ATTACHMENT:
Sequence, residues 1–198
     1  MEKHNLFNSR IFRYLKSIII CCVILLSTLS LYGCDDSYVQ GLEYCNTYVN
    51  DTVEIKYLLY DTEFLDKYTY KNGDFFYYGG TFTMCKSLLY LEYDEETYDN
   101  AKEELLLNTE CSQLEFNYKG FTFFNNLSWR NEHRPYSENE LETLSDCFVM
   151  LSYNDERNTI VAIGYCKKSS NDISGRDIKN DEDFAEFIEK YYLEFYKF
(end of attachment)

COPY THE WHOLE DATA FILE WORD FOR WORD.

Sequence, residues 1–198
     1  MEKHNLFNSR IFRYLKSIII CCVILLSTLS LYGCDDSYVQ GLEYCNTYVN
    51  DTVEIKYLLY DTEFLDKYTY KNGDFFYYGG TFTMCKSLLY LEYDEETYDN
   101  AKEELLLNTE CSQLEFNYKG FTFFNNLSWR NEHRPYSENE LETLSDCFVM
   151  LSYNDERNTI VAIGYCKKSS NDISGRDIKN DEDFAEFIEK YYLEFYKF